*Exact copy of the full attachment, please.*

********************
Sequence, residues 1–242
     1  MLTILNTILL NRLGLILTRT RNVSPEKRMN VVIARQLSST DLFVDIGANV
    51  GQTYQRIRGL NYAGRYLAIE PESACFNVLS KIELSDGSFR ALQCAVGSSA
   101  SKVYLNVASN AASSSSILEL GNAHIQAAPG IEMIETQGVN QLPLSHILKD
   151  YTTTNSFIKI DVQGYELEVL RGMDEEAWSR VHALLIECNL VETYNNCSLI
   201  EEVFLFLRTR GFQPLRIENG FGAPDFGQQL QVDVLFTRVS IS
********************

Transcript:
Sequence, residues 1–242
     1  MLTILNTILL NRLGLILTRT RNVSPEKRMN VVIARQLSST DLFVDIGANV
    51  GQTYQRIRGL NYAGRYLAIE PESACFNVLS KIELSDGSFR ALQCAVGSSA
   101  SKVYLNVASN AASSSSILEL GNAHIQAAPG IEMIETQGVN QLPLSHILKD
   151  YTTTNSFIKI DVQGYELEVL RGMDEEAWSR VHALLIECNL VETYNNCSLI
   201  EEVFLFLRTR GFQPLRIENG FGAPDFGQQL QVDVLFTRVS IS